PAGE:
I'm not saying existing companies necessarily need to radically change; It's great that many have succeeded with the model so far. But I'm hoping that people who are building and funding companies can put some thought into what success can look like for future tech companies if they also value creating lots of middle-class jobs and lots of opportunities to help blue collar or non-technical workers thrive with meaningful long-time work as their companies take off.
We tend not to think it's cool that Microsoft or IBM have hundreds of thousands of employees. But there's something meaningful, and important, and essential to our society for enormously valuable companies to also provide enormous value in the form of lots of jobs for regular folks. I'll be rooting for the next wave of startups to tackle this problem that has, so far, been too difficult for our biggest web companies.
January 5, 2009
It's been demonstrated over and over again, but businesses refuse to learn the lesson: Homogeneity is its own punishment in the world of business. From the Washington Post today:
[T]he experience of the past year suggests that we desperately need to bring more women into leadership positions on Wall Street, in politics, in regulatory bodies and in American life generally. For decades, corporations and financial firms have sponsored expensive training programs to promote more women into their ranks. They have launched much-needed maternity policies and flexible work arrangements. Most of these initiatives, however, have been pursued to make life easier for the women involved — or, more cynically, to remove the threat of lawsuit or adverse publicity for the firms.
The financial crisis has exposed a quieter but equally pressing concern: We need women in leadership positions not only because they can manage as well as men but because they manage differently than men; because they tend — over time and in the aggregate — to make different kinds of decisions and to accept and avoid different kinds of risk. We need women who will say no to bad decisions based on male-dominated rivalries and clubby golf course confidences. We need women to blow the whistle when risks explode and to challenge the presumptions that too many men, clustered too closely together and sharing a common worldview, can easily indulge.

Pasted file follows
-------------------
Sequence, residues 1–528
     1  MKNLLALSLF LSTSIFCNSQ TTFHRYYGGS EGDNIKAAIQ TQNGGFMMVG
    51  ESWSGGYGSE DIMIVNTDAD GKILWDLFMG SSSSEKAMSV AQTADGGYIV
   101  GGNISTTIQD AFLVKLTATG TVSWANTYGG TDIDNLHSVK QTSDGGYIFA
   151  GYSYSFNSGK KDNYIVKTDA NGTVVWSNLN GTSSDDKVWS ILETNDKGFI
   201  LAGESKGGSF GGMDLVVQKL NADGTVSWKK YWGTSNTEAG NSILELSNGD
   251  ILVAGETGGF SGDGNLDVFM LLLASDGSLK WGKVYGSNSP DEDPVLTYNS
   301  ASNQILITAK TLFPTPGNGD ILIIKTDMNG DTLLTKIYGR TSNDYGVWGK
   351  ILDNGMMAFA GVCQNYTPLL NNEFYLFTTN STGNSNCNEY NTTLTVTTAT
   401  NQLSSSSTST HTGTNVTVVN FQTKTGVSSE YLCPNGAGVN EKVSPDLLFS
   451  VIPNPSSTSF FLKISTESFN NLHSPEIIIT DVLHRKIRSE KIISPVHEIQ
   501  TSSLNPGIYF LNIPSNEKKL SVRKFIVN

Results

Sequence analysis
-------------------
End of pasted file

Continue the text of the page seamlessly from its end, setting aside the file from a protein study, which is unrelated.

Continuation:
As the constant wail from Wall Street should remind us, diversity isn't just nice in theory. It makes for better business.
There's a related question here which no one is asking, which is whether the economic catastrophe facing the global marketplace is a result of a failure of white culture in America. The media is always quick to ask whether problems like violence plaguing minority communities are symptoms of a toxic culture in that community, but I haven't seen any questions to that effect in regard to this financial meltdown.
I've written a good deal about monoculture on this site over the years; The correlation between diversity and success has been repeatedly demonstrated.
October 25, 2005
Like many great social software applications, Flickr began its life as something else. Flickr was built on a platform for a game called Game Neverending, which had a lot of great features including an in-game economy based on exchanging various totems that had different relative values. There was really only a barter economy, which left the "innate" value of any individual item to be pretty opaque.
Today, Flickr has interestingness, which is a measure of some combination of how many times a picture has been viewed, how many comments it has, how many times it's been tagged or marked as a favorite, and some other special sauce. I suppose revealing the exact mix would encourage even more people to game the system, but the fact that it's not disclosed has led to a number of attempts to reverse-engineer the system. I doubt any of them are/will be successful (Flickr can update/evolve fast enough to change the algorithm if they figure it out) but that's probably going to be an ongoing dialogue.
When I think of things getting gamed, I think of Clay Shirky saying "social software is stuff that gets spammed". So maybe economies are things that get gamed.
What I'm wondering is, how is Flickr's interestingness different than the economy in Game Neverending? Than Second Life? (Or in Evercrack or Neverwinter or any of the other gaming platforms.) Is interestingness its own reward? Why don't I get to level up or power up when I create something interesting?
More to the point, the in-game economies of these games translate pretty cleanly into real-world cash, with eBay amplifying the efficiency of the currency conversion. And interestingness in other online media (like blogs) is rewarded by cash in a pretty straightforward way; I can sign up for TypePad, check a box to enable text ads, and pay for my account or point the proceeds to my PayPal account when I start getting lots of visitors.
But interestingness in Flickr doesn't pay. At least not yet. Non-pro users are seeing ads around my photos, but Yahoo's not sharing the wealth with me, even though I've created a draw. Flickr's plenty open, they're doing the right thing by any measure of the web as we saw it a year ago, or two years ago. Today, though, openness around value exchange is as important as openness around data exchange.
So does that mean the right answer for cashing in on my interesting work is to ask for a penny from Yahoo? Or does it mean I should just make an automated script that grabs my interesting photos and posts them to my TypePad blog so that I can put ads on them?